March 2010 Philippine Supreme Court Decisions on Remedial Law

Here are selected March 2010 rulings of the Supreme Court of the Philippines on remedial law:

Civil Procedure

Actions; action for reformation of instrument; requisites. For an action for reformation of instrument to prosper, the following requisites must concur: (1) there must have been a meeting of the minds of the parties to the contract; (2) the instrument does not express the true intention of the parties; and (3) the failure of the instrument to express the true intention of the parties is due to mistake, fraud, inequitable conduct or accident.  Petitioner having admitted the existence and execution of the instrument, what remains to be resolved is whether the contract expressed the true intention of the parties; if not, whether it was due to mistake, fraud, inequitable conduct or accident.  The onus probandi is upon the party who insists that the contract should be reformed.  Notarized documents, like the deed in question [i.e., “Sale and Transfer of Rights over a Portion of a Parcel of Land”], enjoy the presumption of regularity which can be overturned only by clear, convincing and more than merely preponderant evidence.  This petitioner failed to discharge.  Flordeliza Emilio vs. Bilma Rapal, G.R. No. 181855, March 30, 2010.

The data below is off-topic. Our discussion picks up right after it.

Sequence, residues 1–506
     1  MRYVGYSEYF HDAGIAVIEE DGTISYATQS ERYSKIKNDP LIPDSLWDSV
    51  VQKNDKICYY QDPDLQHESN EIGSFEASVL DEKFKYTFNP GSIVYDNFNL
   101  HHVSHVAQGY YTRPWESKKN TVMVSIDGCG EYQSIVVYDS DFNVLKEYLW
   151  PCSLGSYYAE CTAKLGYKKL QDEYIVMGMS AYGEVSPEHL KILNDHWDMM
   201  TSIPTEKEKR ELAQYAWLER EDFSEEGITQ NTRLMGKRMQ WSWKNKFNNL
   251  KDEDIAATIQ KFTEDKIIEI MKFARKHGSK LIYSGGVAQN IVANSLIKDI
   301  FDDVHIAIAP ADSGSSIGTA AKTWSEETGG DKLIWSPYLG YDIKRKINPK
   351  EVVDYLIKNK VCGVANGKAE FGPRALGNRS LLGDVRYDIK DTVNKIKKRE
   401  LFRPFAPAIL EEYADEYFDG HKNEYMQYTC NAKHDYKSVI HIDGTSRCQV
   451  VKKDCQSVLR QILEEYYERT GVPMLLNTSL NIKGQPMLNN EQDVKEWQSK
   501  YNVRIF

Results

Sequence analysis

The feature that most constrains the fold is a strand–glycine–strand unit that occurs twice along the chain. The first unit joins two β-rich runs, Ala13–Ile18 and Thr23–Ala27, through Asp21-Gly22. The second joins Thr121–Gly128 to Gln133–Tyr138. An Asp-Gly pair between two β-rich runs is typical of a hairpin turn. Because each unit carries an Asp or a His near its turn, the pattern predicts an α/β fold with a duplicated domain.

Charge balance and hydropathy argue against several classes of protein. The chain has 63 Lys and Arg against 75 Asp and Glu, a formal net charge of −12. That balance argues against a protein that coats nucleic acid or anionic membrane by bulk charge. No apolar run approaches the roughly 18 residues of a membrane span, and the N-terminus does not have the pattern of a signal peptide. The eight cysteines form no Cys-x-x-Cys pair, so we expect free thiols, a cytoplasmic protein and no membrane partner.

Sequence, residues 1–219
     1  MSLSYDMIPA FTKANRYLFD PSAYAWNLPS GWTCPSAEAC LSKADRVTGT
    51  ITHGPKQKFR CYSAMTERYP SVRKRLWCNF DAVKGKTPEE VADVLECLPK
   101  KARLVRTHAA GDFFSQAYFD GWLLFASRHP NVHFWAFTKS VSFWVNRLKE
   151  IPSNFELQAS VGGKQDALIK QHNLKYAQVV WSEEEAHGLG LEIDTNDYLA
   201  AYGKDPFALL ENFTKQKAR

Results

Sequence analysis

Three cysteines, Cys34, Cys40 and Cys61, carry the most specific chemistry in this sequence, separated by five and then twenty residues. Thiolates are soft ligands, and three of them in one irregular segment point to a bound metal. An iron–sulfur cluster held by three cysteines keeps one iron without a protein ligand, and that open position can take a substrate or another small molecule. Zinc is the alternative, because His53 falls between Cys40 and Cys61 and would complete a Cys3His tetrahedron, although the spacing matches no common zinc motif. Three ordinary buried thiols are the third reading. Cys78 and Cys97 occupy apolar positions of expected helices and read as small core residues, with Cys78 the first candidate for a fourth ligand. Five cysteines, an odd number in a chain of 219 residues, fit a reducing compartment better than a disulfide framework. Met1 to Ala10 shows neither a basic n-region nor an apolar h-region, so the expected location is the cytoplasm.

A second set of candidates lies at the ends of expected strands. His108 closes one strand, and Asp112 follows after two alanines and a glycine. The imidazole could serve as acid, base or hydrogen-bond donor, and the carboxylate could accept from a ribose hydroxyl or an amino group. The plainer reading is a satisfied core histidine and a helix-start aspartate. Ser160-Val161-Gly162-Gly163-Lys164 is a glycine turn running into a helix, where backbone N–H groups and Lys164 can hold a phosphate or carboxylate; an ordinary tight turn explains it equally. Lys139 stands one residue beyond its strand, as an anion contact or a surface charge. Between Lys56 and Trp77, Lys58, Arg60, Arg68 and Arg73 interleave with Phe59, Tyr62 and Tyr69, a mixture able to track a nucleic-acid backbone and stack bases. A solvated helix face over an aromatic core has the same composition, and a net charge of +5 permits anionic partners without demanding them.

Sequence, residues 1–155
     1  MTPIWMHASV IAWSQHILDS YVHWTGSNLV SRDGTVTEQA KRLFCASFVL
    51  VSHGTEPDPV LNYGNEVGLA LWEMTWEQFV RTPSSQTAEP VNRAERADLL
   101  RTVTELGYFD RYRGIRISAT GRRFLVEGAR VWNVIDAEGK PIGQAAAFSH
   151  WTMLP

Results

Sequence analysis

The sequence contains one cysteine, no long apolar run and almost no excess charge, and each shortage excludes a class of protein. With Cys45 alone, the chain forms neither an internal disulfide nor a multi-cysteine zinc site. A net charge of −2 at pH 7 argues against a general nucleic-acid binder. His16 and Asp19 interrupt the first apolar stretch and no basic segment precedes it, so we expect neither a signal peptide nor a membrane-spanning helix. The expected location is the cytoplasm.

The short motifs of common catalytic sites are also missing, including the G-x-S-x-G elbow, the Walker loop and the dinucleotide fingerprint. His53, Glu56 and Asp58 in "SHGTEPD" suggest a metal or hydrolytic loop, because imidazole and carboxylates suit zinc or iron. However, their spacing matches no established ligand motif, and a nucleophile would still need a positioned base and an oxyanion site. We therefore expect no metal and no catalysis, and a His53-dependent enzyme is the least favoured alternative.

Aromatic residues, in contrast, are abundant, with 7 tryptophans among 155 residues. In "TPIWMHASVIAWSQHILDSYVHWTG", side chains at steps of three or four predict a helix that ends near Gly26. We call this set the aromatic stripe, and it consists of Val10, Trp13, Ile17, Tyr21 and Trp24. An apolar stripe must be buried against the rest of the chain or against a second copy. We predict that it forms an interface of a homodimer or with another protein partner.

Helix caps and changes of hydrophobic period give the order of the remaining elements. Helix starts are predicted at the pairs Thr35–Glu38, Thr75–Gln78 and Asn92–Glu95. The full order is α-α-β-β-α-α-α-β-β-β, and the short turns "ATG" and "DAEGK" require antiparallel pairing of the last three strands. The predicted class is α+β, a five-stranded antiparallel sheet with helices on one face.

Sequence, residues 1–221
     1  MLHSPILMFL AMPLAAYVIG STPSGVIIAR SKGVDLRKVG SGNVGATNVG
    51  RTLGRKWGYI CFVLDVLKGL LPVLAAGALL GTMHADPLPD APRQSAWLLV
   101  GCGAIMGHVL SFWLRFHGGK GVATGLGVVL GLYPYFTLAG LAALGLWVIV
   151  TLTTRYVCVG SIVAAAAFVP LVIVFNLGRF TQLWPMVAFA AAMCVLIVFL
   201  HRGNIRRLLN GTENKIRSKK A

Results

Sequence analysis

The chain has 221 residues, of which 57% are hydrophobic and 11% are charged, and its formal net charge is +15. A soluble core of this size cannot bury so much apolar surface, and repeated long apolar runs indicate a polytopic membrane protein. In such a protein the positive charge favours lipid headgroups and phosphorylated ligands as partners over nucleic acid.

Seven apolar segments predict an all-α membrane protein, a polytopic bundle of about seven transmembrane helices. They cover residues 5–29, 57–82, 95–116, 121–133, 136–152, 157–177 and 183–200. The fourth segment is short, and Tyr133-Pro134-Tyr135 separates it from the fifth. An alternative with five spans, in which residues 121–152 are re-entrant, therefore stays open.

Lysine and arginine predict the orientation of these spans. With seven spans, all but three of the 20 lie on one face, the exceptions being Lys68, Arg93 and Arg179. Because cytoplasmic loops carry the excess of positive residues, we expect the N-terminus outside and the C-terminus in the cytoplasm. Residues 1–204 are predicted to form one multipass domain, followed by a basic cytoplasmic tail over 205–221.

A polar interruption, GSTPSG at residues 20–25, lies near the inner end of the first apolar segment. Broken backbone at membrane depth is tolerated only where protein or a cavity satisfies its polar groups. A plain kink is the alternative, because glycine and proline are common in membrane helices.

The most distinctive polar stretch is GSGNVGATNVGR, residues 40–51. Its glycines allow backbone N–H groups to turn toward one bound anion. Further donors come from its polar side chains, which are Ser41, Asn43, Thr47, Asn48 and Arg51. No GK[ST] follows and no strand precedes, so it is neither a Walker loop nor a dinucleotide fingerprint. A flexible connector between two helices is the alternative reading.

Actions; annulment of judgment. The Court finds that petitioner properly availed of the remedy of a petition for annulment of judgment in challenging the Manila RTC Decision.  In his petition with the appellate court, he did not limit his ground to extrinsic fraud, as he invoked as well the Manila RTC’s lack of jurisdiction to annul the proceedings in the Pagadian RTC which is a court of co-equal and coordinate jurisdiction.  Since petitioner’s petition raised lack of jurisdiction, he did not have to allege that the ordinary remedies of new trial, reconsideration or appeal were no longer available through no fault of his.  This is so because a judgment rendered or final order issued by the RTC without jurisdiction is null and void and may be assailed any time either collaterally or in a direct action, or by resisting such judgment or final order in any action or proceeding whenever it is invoked.  Jose Cabaral Tiu v. First Plywood Corporation/Jose Cabaral Tiu vs. Timber Exports, Inc. Angel Domingo, Country Bankers Ins. Corp., Perfecto Mondarte, Jr. and Cesar Dacal, G.R. No. 176123/G.R. No.  185265, March 10, 2010